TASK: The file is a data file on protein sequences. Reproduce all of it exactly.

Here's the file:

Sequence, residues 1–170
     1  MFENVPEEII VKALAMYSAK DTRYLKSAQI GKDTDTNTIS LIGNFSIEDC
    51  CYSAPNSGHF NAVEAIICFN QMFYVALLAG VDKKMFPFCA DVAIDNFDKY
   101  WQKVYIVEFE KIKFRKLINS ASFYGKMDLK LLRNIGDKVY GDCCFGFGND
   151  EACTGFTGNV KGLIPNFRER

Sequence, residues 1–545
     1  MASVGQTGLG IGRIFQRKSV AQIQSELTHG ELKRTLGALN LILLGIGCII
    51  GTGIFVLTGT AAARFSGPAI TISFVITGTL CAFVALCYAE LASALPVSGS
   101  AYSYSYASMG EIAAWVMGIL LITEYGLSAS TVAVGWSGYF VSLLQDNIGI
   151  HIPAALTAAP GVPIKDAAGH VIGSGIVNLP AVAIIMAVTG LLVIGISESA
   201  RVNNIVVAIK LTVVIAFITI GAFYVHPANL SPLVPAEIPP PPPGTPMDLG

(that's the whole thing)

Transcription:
Sequence, residues 1–170
     1  MFENVPEEII VKALAMYSAK DTRYLKSAQI GKDTDTNTIS LIGNFSIEDC
    51  CYSAPNSGHF NAVEAIICFN QMFYVALLAG VDKKMFPFCA DVAIDNFDKY
   101  WQKVYIVEFE KIKFRKLINS ASFYGKMDLK LLRNIGDKVY GDCCFGFGND
   151  EACTGFTGNV KGLIPNFRER

Sequence, residues 1–545
     1  MASVGQTGLG IGRIFQRKSV AQIQSELTHG ELKRTLGALN LILLGIGCII
    51  GTGIFVLTGT AAARFSGPAI TISFVITGTL CAFVALCYAE LASALPVSGS
   101  AYSYSYASMG EIAAWVMGIL LITEYGLSAS TVAVGWSGYF VSLLQDNIGI
   151  HIPAALTAAP GVPIKDAAGH VIGSGIVNLP AVAIIMAVTG LLVIGISESA
   201  RVNNIVVAIK LTVVIAFITI GAFYVHPANL SPLVPAEIPP PPPGTPMDLG